Andrew Mackinlay (Thurrock) (Lab): I have listened carefully to what the Minister has said, and he now seems to be warming up and willing to take this on. It does not matter how often he says that the Prime Minister takes an active interest in the matter; the test is whether he is going to do anything with some dispatch. That is what the House wants. It is not a question of devolved administration; the issue has arisen against the backdrop of the economic and banking crisis, which is a matter for the First Lord of the Treasury, the Prime Minister. This House wants him to proceed as if this were happening in Greater London, where 900,000 investors would be kicking up, and everyone would be demanding debates and action this day.

Mr. Woodward: As always, the Churchillian recognition of my hon. Friend is helpful in allowing me to enjoy this a little more; I am tempted to say I am enjoying this, but perhaps I should resist that.

We have to recognise again that these are not savers; they were investors. As such, they made an investment as risk capital in the form of withdrawable shares and loans. There is an issue about whether or not this should have been regulated; it was registered; it should have been regulated. There is an issue that I continue to want the FSA to look at, but I am not trying to evade our responsibility. If we can find a way to help these people, we should do so. I am prepared to break the bureaucracy to do it, if it is at all possible.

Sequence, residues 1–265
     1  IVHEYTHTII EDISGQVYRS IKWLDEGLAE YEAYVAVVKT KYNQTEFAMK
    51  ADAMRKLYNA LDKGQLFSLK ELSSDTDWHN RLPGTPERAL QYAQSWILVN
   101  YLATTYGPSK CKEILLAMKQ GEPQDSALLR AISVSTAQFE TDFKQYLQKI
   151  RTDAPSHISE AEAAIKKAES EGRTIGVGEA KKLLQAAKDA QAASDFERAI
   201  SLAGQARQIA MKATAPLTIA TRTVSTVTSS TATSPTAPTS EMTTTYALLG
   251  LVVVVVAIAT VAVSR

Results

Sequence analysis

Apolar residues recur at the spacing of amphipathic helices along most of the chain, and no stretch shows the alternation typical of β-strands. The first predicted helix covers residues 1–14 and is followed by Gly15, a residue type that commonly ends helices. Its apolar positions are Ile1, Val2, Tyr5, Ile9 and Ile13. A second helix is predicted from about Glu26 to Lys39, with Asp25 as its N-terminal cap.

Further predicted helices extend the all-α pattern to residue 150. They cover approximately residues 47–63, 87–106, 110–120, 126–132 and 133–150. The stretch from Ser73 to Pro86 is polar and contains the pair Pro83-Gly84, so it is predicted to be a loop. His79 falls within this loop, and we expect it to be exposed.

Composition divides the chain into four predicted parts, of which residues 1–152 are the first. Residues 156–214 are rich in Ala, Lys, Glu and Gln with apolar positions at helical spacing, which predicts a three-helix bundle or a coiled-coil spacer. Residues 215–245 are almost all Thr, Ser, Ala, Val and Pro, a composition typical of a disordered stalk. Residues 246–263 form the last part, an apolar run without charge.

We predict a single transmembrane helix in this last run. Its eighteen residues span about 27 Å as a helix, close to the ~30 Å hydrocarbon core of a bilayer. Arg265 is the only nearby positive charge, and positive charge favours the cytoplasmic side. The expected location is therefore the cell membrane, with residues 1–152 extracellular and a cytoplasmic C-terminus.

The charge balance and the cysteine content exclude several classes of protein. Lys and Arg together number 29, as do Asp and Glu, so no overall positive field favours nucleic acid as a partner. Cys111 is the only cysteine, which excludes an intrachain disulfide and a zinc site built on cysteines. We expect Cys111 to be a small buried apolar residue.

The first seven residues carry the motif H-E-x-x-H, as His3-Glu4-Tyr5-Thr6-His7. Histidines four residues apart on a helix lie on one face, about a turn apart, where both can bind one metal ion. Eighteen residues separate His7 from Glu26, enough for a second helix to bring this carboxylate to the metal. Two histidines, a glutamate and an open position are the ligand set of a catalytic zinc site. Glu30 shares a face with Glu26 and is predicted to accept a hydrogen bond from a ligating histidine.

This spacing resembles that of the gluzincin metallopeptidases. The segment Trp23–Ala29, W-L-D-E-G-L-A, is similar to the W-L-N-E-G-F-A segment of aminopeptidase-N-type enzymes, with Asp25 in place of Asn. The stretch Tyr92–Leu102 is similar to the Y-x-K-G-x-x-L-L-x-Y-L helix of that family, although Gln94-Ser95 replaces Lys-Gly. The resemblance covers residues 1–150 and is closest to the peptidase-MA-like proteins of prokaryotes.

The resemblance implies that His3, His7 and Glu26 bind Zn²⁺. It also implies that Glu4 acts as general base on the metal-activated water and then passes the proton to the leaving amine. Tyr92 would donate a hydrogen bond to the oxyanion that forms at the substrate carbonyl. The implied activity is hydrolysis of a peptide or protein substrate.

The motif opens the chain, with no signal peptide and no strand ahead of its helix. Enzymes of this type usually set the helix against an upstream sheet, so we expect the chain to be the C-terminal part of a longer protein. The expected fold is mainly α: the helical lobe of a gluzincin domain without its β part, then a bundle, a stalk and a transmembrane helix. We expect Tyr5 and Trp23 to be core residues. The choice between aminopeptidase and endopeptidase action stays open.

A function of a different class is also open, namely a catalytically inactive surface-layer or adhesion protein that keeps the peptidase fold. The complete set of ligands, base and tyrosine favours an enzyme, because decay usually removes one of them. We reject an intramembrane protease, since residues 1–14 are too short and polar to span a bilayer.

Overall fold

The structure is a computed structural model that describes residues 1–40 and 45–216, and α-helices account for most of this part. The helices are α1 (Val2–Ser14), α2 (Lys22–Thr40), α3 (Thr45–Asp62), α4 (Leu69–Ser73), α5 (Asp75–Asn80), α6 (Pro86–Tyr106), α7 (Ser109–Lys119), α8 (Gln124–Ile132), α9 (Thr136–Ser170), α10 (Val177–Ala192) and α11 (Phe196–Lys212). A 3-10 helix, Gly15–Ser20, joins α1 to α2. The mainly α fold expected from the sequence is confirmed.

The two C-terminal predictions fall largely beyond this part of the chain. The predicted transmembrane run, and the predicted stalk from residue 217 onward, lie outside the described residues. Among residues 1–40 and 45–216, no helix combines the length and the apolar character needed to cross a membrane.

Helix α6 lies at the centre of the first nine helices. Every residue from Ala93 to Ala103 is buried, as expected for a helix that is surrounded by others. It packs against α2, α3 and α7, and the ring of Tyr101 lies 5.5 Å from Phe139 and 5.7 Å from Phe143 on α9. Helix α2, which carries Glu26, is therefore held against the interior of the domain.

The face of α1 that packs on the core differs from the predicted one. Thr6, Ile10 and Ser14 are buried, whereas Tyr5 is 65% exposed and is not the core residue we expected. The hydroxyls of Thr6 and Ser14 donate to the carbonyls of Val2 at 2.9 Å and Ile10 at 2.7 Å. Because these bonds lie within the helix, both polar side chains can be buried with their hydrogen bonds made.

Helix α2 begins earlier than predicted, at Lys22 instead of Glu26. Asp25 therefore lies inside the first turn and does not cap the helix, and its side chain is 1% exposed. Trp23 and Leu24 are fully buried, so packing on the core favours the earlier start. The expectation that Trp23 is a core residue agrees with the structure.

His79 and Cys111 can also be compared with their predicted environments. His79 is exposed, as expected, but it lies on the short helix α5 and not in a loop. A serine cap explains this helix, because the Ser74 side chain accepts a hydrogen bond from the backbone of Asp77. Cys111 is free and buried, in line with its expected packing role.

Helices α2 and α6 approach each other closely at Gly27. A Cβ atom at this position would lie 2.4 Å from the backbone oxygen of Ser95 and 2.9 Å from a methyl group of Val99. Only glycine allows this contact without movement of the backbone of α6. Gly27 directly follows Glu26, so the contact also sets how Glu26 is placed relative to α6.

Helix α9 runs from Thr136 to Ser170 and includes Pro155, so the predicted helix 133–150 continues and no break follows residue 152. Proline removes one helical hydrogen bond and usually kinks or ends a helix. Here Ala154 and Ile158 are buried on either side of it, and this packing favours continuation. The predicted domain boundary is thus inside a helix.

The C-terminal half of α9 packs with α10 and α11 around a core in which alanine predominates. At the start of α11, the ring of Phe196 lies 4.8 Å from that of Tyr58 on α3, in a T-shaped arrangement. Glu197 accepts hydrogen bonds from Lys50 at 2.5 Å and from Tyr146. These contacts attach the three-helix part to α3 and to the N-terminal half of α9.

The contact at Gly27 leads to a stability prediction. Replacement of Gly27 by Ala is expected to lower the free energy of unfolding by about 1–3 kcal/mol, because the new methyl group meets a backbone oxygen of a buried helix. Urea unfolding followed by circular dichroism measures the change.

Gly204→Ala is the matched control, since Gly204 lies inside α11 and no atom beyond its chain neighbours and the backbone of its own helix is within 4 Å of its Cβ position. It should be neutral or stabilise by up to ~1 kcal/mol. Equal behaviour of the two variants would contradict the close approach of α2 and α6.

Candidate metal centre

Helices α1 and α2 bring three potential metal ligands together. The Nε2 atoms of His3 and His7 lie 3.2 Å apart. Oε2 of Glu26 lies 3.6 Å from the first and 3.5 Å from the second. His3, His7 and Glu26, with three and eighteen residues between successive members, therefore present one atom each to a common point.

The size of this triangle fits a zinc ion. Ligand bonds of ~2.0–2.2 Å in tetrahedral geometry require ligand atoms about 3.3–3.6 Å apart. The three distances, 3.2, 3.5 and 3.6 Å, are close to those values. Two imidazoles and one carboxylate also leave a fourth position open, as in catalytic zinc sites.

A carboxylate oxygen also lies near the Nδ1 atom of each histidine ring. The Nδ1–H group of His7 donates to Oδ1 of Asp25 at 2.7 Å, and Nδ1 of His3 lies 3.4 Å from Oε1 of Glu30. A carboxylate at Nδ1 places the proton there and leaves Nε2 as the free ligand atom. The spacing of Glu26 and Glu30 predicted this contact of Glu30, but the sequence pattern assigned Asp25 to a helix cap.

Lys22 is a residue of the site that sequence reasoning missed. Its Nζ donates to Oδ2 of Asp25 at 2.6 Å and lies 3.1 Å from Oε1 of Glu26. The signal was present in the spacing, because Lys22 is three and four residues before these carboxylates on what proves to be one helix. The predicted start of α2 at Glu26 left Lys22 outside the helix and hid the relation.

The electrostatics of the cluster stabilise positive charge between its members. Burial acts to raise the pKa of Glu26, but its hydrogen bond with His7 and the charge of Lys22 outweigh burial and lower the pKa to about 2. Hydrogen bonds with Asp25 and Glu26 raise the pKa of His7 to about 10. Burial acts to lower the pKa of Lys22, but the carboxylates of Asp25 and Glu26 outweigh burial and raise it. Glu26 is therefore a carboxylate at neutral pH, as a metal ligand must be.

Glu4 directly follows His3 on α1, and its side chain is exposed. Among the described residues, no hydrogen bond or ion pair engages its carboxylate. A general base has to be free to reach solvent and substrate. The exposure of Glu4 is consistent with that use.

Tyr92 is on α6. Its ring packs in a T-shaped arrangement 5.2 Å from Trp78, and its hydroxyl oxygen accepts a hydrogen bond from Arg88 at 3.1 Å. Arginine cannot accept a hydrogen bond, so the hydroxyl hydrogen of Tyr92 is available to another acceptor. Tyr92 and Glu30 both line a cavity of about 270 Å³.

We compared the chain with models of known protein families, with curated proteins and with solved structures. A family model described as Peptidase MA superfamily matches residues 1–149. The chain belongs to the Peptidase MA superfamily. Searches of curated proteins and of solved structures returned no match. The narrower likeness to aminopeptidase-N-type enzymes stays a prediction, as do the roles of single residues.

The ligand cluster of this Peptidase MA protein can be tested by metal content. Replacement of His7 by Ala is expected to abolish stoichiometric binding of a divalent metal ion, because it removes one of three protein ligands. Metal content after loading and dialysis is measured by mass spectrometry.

Mr. Owen Paterson (North Shropshire) (Con): It was the Government’s guarantee to other banks and the failure of regulation that brought about the collapse of the Presbyterian Mutual. I met the former moderator and the general secretary on Monday, and I was shocked to learn that they had written to the Prime Minister three times since November, but he had sent only one holding reply. I was also surprised to find out that the Secretary of State had not met them. The Prime Minister is the architect of the current financial regulatory system. If his Presbyterian conscience extended to Dunfermline, why will he not apply it to the Presbyterian Mutual?

Mr. Woodward: First, I want to acknowledge that the hon. Gentleman is the most assiduous visitor to Northern Ireland who has ever held the Opposition spokesman’s job. He cannot help but be there at least half of every week, and we should acknowledge that. I just wish that he would sometimes learn a bit more while he was there. As I have said to him, the Presbyterian Mutual Society is made up not of savers but of investors. The issue is devolved, and I know he has a problem with that—of course, his party has formed an alliance with the Ulster Unionists in the hope of making some progress nationally—but the fact is that devolution has happened. He must respect, rather than undermine, devolution. The Prime Minister has taken an interest in the matter and met the First Minister and Deputy First Minister on it. We have held discussions, and further meetings will take place. But the hon. Gentleman must respect the fact that devolution does not mean bringing the matter back to Westminster through the back door.